His comments reflected the highest-profile endorsement to date of the group, which has infiltrated Republican circles even as party leaders attempt to distance themselves.

“I don’t know much about the movement other than I understand they like me very much, which I appreciate,” Trump said in the White House briefing room.

It was a striking nod to a group that has been likened to a virtual cult and has been labeled a potential domestic terrorist threat by the FBI.

Trump admitted he wasn’t intimately familiar with some of the sprawling conspiracies offered by the group’s followers but said he understood it was becoming more widespread.

“I have heard that it’s gaining in popularity,” Trump said, suggesting QAnon followers approved of how he’d handled social unrest in places like Portland, Oregon. “I’ve heard these are people that love our country and they just don’t like seeing it.”

QAnon’s prevailing conspiracy theories — none based in fact — claim dozens of Satan-worshipping politicians and A-list celebrities work in tandem with governments around the globe to engage in child sex abuse. Followers also believe there is a “deep state” effort to annihilate Trump.

But followers of the group have expanded from those beliefs and now allege baseless theories surrounding mass shootings and elections. Followers have falsely claimed that 5G cellular networks are spreading the coronavirus.

The group has also peddled conspiracies about coronavirus, the Black Lives Matter movement and vaccines — none grounded in reality.

Trump is revered among the conspiracy’s followers, who believe he was recruited to help eliminate the controlling criminal conspiracy they allege is gripping the world’s power structures.

Trump did not seem entirely familiar with all that on Wednesday. Instead he focused on the group’s praise for him — which was enough, apparently, to overlook the cultish beliefs.

The congressional candidates who have embraced the baseless QAnon conspiracy theory

Asked if he believed the crux of the theory, described by a reporter as the belief that the President “is secretly saving the world from this satanic cult of pedophiles and cannibals,” Trump said: “Well, I haven’t heard that, but is that supposed to be a bad thing or a good thing?”

“If I can help save the world from problems, I’m willing to do it,” he went on. “I’m willing to put myself out there. And we are, actually, we’re saving the world from a radical left philosophy that will destroy this country.”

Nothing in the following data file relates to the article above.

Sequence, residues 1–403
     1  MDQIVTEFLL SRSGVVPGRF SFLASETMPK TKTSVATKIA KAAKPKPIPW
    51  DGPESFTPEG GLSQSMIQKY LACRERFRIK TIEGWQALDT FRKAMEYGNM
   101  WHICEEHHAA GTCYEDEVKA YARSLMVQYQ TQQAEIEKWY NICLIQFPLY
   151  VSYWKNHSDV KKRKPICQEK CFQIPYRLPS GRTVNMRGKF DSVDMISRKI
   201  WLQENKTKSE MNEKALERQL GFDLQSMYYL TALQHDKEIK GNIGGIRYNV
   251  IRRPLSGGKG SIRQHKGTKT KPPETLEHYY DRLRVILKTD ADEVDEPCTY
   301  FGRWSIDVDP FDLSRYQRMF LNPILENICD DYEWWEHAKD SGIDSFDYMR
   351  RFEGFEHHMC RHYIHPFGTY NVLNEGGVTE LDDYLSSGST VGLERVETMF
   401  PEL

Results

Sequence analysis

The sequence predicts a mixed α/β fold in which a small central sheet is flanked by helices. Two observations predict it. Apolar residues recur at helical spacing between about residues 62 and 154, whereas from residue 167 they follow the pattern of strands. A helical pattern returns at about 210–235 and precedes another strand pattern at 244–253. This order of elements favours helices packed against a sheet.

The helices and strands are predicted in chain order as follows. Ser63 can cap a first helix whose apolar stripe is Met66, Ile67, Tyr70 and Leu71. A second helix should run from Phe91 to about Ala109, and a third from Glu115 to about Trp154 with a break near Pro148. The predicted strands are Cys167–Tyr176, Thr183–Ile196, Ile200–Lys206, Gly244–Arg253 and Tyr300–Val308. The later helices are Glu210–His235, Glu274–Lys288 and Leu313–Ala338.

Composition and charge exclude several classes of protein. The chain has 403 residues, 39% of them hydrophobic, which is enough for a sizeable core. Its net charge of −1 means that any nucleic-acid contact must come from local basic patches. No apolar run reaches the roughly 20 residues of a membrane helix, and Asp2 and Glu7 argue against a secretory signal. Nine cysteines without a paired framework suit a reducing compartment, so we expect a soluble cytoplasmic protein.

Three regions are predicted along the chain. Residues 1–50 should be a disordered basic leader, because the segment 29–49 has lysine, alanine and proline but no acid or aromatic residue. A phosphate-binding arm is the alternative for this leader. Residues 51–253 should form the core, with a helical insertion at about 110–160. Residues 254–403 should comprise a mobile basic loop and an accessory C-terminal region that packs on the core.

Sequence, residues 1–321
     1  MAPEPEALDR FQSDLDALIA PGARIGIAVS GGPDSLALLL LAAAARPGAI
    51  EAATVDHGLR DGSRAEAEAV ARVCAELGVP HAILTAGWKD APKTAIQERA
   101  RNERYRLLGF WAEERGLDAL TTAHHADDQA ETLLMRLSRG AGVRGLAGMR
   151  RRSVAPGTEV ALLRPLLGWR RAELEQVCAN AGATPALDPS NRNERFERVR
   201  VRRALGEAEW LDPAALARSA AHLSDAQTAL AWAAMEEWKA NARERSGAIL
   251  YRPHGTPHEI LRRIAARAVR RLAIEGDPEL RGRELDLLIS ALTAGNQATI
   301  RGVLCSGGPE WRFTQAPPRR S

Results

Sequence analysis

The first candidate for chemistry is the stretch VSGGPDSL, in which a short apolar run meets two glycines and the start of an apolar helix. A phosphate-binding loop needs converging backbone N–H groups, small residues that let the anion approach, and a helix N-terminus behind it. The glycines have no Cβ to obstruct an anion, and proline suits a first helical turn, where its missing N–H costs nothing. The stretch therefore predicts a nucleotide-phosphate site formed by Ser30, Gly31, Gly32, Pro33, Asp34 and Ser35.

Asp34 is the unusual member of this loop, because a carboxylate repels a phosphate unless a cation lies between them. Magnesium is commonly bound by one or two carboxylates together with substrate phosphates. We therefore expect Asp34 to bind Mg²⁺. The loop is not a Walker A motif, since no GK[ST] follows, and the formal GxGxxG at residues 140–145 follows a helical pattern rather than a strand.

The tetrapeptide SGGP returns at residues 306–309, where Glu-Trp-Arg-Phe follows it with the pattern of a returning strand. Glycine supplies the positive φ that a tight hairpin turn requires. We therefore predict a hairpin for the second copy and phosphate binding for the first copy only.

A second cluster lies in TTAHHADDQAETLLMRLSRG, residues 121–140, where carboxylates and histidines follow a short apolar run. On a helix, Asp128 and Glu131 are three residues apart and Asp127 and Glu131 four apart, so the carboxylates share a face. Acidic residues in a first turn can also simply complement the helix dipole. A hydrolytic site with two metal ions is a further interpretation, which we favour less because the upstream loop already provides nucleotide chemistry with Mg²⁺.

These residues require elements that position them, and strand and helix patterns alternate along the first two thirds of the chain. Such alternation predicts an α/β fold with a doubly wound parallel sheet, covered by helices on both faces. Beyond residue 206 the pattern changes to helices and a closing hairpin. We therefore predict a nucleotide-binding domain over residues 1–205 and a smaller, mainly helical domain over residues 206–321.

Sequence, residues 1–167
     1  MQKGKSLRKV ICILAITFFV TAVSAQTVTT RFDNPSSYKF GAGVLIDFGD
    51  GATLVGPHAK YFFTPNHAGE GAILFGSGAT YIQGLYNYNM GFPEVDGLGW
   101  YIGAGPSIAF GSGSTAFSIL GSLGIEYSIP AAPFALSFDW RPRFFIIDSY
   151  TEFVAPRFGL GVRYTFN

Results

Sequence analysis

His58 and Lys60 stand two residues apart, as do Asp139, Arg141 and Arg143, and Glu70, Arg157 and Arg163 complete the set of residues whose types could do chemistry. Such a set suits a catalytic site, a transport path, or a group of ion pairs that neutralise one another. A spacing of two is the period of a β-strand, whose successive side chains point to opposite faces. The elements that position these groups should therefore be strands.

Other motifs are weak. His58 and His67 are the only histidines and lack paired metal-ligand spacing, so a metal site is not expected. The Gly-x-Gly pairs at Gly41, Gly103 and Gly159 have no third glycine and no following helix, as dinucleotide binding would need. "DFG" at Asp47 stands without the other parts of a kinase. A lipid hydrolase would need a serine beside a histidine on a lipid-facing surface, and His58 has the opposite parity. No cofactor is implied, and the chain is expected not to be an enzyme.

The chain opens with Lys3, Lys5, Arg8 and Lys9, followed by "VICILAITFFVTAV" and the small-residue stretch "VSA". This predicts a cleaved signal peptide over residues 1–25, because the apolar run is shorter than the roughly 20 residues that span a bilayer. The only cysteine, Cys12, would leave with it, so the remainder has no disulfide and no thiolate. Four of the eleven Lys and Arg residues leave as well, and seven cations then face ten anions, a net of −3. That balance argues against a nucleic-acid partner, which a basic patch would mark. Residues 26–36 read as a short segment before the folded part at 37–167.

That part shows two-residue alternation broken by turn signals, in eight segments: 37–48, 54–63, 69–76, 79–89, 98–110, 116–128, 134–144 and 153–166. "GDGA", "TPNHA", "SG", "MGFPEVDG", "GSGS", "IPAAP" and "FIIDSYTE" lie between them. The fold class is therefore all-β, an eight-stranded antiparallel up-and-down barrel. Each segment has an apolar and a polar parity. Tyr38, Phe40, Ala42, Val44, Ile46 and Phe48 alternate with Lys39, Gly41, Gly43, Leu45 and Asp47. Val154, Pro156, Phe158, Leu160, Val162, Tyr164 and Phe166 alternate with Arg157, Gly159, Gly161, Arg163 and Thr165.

At the congressional level, Republicans have at least three nominees who have been sympathetic or supportive of the group: Jo Rae Perkins, the GOP nominee for a Senate seat in Oregon; Marjorie Taylor Greene, who won a primary runoff for Georgia’s 14th District last week; and Lauren Boebert, who beat a Trump-backed, five-term incumbent in the primary in Colorado’s 3rd District in June. Greene and Boebert are running in districts where Republicans are favored. ​

Asked earlier Wednesday about Trump’s support for QAnon, his press secretary insisted it wasn’t a matter she’d ever heard him discuss.

“I’ve never heard of that. There’s a lot of media focus on that but certainly never heard of that from the President,” press secretary Kayleigh McEnany said.

She described the President’s support for anti-Muslim candidates like Laura Loomer, who won a primary in Florida on Tuesday, and Greene as automatic because they are Republicans.

“The President routinely congratulates people who officially get the Republican nomination for Congress, so he does that as a matter of course,” McEnany said. “He hasn’t done a deep dive into the statements by these two particular women. I don’t know if he’s even seen that. But he supports the Muslim community, he supports the community of faith more broadly in this country.”



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